Doctor Who: “The Pyramid at the End of the World” Review
Finally, my Doctor Who review for last week. Sorry for the lateness. The Monk Trilogy continues as the Doctor attempts to save the world yet again…only this time, he’s got competition.
The Quick & Spoiler-Free Verdict
Despite an exciting premise and the promising set-up of last week’s episode, this episode does end up suffering from sagging-middle syndrome. Fortunately, the surprising ending goes a long way toward making up for that. It’s a global-crisis episode in the mold of the Russell T. Davies era that feels slow at times but which is satisfying overall.
I don’t think many people would agree with me on this, but I consider the Monks to be some of the most frightening monsters Steven Moffat has ever created. True, they lack the visceral, childhood-fear-exploiting terror of the Weeping Angels or the Silence. But they have a more cerebral scare factor that goes deeper and is arguably more disturbing. Monsters who create vast simulated copies of planets to determine when they will be at their lowest ebb are unnerving enough. But on top of that, the Monks don’t just want to forcibly take over like the Daleks or the Cybermen…they seek to manipulate populations into loving them. If that’s not freaky, I don’t know what is.
These unique foes put the Doctor in an intriguing position, as he’s fighting against would-be saviors instead of mere invaders. They also (so far, at least) represent a worthy new addition to the Doctor Who canon instead of a one-off monster or a return appearance from a known enemy. It’s nice to see that Moffat, despite the fact that this will be his last year on the show, is being experimental and telling new, interesting stories instead of resting on his laurels.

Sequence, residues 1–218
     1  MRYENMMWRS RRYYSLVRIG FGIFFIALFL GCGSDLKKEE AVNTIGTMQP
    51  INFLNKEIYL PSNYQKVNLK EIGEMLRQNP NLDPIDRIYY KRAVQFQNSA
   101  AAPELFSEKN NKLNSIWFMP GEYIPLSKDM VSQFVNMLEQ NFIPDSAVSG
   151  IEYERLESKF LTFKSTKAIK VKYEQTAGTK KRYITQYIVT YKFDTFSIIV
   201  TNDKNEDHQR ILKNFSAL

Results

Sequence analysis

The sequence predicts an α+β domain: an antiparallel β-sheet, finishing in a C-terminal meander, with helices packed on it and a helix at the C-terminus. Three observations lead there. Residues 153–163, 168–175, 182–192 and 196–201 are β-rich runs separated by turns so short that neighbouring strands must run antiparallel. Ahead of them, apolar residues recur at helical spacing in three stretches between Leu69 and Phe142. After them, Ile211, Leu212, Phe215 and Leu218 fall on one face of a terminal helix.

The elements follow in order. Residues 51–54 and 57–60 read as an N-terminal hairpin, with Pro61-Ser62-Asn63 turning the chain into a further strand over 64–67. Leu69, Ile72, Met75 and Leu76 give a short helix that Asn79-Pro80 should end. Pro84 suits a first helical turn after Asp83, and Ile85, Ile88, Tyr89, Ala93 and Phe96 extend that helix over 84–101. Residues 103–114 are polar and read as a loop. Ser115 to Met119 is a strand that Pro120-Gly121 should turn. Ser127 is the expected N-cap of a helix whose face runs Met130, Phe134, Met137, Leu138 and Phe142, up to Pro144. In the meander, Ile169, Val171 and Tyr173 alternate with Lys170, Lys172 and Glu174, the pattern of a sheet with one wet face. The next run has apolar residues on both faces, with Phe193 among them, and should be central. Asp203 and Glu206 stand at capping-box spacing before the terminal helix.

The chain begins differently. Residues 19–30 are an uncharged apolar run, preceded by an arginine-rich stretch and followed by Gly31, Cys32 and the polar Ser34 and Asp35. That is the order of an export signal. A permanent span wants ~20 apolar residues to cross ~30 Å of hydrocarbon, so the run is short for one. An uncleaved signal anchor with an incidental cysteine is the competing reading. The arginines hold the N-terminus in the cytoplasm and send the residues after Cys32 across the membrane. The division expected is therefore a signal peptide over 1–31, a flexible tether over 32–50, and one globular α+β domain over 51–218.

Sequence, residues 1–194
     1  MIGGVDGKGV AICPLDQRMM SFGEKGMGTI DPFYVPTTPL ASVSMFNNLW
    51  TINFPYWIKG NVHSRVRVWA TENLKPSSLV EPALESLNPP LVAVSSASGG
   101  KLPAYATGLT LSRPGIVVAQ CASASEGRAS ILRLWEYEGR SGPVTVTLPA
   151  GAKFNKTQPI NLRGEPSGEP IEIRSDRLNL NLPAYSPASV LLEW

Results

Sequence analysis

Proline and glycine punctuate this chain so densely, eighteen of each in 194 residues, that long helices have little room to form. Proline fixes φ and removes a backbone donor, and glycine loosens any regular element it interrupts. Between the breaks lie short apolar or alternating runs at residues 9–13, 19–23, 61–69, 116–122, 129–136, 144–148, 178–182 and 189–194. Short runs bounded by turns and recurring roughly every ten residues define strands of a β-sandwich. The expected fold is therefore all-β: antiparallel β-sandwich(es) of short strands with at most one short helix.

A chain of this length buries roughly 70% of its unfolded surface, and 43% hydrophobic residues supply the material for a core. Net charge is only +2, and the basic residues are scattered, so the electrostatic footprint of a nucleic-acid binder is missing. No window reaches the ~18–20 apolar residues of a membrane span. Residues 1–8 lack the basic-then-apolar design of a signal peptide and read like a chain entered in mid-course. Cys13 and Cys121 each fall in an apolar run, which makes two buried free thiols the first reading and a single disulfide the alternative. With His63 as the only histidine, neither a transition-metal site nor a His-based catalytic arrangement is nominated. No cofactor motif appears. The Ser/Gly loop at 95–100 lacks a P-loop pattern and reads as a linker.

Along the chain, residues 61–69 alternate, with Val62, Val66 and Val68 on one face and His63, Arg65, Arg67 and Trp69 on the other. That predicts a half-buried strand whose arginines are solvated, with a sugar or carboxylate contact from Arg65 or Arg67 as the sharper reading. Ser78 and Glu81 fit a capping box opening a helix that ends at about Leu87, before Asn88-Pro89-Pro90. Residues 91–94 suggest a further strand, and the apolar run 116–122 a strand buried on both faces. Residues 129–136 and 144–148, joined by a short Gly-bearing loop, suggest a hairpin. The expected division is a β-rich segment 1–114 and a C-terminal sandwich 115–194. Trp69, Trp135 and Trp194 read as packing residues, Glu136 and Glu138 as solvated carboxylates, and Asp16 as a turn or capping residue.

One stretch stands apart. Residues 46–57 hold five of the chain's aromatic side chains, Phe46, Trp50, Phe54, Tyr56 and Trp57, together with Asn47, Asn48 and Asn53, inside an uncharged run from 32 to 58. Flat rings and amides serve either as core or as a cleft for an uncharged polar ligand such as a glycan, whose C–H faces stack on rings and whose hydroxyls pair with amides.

Also, kudos to the show for casting Rachel Denning without making her height a plot point in any way or even referencing it at all. Well done.
I can’t really give a final verdict on this episode’s plot yet, as the story won’t be finished until part three of the trilogy. I will say that the pacing this week was a little slow. There was too much deliberation about the problem presented by the Monks, and too much preaching about themes that were already addressed in detail in the Zygon two-parter of Series 9.
Which brings me, in a roundabout way, to the biggest problem with this episode: absent characters. I’m assuming Moffat used new supporting characters instead of Kate Stewart and Osgood in an attempt to make this episode not feel like the The Zygon Invasion/Inversion all over again. Personally, however, I think having Kate’s UNIT team on board would have made a lot more sense. Granted, I say this partly because I’ve just finished listening to the fantastic UNIT: Assembled series from Big Finish–not to be missed.
Speaking of missing…okay, sorry, that was a terrible pun. But she should have been around too. The end of “Extremis” seemed to imply that the Doctor would be asking for Missy’s help in this dilemma. At least, that’s the impression I got. It was disappointing that she didn’t even make a brief cameo, especially considering Michelle Gomez’s recent announcement that this will be her last year portraying the character. I’d like for Missy to be included as much as possible before we have to say goodbye to her.
The Final Word
“The Pyramid at the End of the World” is a little weird, and ever-so-slightly boring at times. That’s not to say it’s a complete let-down, however. I’d rank “Oxygen” as the worst episode of Series 10 so far; “Pyramid” is definitely a cut above that story. But its ultimate success or failure will largely depend on whether the final episode of the trilogy can deliver on everything these first two installments have set up.
I guess we’ll be finding out soon enough…